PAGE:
Some years ago, I volunteered as a studio monitor during a regional ballet association festival. I watched nervously as the teacher pushed and corrected the young dancers, but I was happy to see how he also encouraged and praised. Toward the end of the session, he told the dancers something I’ve never forgotten: Technique isn’t enough. You can be technically proficient, but without emotion, you’ll never be a true artist. He urged them to feel the music, to make their entire bodies expressions of emotion.
I believe the same is true of writing. Artistry on the page isn’t only about skill or eloquence. We study and master craft; we may have a gift for language and storytelling; but if we can’t re-create emotion in ways that allow readers to feel, the prose will most likely be flat, no matter how well it’s written.
I learned a long time ago that my best work comes from an emotional place where I often would rather not be. So, when I become aware that a story isn’t working, I look hard for what I’m holding back.
One of the first stories I ever published gave me fits while I was writing it. The story dealt with betrayal, an experience I knew firsthand. Writing about that trauma was fraught with deep emotion, and yet I struggled to portray the feelings on the page in a way that didn’t feel stiff and superficial. A wise reader told me I was too close to the story; the protagonist was too much me. I needed to find a way to step back and give those emotions away. I was aware of the autobiographical elements, but I hadn’t realized how they were confining me. Instead of asking “What if…” I was locked into “This happened.” Once I changed the point of view, the story came pouring out. During the week it took to get the draft onto the page, I went upstairs every night after I stopped working, locked myself in the bathroom, and turned on the shower so my children couldn’t hear me crying.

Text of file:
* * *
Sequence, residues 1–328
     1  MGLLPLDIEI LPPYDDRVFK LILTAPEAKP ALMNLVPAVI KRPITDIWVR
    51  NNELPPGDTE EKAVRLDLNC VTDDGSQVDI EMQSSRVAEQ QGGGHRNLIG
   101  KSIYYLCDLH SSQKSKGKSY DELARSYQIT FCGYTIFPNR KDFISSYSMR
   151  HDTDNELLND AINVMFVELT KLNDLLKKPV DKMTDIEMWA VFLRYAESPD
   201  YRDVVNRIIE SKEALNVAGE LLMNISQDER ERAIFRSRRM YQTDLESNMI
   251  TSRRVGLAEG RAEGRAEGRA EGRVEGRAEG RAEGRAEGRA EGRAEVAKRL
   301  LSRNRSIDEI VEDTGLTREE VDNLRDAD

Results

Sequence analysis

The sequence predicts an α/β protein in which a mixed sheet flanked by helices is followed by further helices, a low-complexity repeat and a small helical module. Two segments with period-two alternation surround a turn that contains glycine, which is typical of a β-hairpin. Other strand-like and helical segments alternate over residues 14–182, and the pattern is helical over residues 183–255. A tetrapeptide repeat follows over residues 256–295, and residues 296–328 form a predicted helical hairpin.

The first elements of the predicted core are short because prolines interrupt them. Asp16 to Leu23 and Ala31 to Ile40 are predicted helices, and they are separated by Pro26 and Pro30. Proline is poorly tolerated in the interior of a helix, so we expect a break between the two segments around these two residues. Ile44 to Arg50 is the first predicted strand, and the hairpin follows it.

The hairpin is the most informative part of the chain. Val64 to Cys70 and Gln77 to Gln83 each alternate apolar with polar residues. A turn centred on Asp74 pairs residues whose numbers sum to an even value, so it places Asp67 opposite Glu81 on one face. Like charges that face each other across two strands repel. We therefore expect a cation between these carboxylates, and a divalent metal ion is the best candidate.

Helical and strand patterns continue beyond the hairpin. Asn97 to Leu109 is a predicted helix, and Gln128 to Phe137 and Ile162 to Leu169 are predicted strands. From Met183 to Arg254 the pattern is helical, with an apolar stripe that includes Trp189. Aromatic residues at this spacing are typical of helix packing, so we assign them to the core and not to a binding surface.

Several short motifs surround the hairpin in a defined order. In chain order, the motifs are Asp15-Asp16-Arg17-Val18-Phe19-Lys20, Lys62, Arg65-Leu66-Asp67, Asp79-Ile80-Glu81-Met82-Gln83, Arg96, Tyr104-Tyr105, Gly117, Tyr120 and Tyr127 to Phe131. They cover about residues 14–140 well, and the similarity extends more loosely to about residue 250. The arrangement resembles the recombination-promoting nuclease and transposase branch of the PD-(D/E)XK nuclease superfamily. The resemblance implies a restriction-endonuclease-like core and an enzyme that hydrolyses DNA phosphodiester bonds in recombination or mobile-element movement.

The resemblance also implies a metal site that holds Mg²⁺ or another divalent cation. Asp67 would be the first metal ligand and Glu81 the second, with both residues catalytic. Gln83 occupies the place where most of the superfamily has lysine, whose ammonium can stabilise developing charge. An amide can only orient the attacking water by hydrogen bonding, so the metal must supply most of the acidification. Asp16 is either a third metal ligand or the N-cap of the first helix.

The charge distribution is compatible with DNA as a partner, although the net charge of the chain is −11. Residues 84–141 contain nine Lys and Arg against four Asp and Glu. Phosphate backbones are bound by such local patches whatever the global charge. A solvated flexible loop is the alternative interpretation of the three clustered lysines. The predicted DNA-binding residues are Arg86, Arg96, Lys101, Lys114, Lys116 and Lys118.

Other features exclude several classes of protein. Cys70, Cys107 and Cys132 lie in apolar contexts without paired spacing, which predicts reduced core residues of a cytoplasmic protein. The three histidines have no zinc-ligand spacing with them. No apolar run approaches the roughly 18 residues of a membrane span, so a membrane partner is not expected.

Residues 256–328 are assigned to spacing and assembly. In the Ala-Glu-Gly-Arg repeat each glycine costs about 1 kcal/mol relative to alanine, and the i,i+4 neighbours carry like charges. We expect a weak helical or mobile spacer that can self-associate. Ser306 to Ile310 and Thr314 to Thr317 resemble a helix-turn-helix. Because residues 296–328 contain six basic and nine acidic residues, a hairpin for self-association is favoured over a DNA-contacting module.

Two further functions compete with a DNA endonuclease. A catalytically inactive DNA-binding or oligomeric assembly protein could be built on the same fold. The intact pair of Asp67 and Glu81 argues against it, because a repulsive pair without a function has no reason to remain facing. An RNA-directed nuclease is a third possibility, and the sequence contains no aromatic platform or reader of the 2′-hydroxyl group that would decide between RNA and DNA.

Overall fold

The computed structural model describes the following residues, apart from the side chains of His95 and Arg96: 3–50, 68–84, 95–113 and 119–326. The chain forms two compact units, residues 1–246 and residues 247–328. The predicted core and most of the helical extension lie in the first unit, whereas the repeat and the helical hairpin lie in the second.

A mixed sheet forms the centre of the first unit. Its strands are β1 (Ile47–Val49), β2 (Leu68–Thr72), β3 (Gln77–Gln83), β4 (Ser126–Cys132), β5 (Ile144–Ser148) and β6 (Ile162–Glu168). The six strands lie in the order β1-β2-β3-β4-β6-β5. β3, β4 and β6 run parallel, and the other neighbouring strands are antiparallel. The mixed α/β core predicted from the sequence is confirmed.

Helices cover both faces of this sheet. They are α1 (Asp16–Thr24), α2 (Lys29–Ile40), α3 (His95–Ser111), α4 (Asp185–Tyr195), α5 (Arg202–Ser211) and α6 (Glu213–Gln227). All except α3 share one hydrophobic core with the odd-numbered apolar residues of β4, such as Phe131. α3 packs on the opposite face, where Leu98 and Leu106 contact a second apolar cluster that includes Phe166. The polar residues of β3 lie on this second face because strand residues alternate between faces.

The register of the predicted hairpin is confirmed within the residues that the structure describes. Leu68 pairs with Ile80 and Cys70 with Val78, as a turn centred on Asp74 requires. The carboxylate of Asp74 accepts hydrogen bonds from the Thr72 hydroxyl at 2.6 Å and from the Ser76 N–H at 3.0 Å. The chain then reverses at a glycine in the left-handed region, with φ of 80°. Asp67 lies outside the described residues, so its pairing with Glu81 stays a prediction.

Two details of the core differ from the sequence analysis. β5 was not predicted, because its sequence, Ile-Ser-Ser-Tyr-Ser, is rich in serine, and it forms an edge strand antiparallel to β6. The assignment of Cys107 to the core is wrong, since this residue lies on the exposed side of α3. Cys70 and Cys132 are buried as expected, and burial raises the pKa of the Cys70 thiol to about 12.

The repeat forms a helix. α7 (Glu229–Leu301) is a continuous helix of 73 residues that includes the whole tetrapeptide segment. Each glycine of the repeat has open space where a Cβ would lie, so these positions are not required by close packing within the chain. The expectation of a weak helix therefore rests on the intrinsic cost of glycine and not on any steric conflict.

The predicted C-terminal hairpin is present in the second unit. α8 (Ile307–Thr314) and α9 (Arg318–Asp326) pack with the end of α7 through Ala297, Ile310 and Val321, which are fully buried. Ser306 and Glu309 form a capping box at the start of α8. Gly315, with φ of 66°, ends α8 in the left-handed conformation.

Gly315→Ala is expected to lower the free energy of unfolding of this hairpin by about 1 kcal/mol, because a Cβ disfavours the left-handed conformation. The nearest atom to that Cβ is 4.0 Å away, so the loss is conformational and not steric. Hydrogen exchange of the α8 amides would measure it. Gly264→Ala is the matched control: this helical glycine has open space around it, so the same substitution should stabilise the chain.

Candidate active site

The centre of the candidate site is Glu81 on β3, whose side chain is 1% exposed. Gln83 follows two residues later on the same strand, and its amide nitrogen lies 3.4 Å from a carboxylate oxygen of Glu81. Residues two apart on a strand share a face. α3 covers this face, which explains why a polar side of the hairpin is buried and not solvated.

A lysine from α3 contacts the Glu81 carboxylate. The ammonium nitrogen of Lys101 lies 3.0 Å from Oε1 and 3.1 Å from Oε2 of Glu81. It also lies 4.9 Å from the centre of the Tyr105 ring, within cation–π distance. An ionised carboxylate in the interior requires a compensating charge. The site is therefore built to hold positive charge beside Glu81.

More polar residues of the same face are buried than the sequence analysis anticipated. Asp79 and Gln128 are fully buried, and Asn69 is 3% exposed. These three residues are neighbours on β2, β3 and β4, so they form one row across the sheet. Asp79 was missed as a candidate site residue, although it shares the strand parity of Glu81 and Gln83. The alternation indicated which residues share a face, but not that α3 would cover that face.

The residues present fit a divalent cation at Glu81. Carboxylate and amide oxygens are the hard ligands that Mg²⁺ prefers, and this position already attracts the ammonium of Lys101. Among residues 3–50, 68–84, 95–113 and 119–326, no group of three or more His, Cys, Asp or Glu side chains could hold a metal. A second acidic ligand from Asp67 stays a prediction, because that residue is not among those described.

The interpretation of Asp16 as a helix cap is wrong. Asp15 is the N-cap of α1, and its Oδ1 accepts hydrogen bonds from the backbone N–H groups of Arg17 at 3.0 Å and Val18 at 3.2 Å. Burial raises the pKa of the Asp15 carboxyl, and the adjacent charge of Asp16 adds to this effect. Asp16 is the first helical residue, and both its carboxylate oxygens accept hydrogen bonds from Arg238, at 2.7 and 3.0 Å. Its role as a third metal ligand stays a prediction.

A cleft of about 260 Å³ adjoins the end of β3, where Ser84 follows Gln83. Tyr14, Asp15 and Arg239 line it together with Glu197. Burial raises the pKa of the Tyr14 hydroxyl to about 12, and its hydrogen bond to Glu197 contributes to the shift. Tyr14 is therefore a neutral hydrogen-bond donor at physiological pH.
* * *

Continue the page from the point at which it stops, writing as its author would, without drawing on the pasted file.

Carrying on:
Tapping painful experiences isn’t necessary for every story, and probing our personal stories isn’t right for every writer. There may be places we can never go in our fiction. I read once, though, that in one way or another, a fictional character will always be the writer, whether we intend it or not. It’s important that if we’re dealing with difficult feelings, we create distance. If we can manage that, if we can step back and at the same time go deep and open our hearts in the harsh light of the page, if we can mine our feelings that way, then the emotions that weigh us down can become genuine gifts of connection with our readers.
This post appeared on Telling Her Stories at Story Circle Network on October 21, 2022.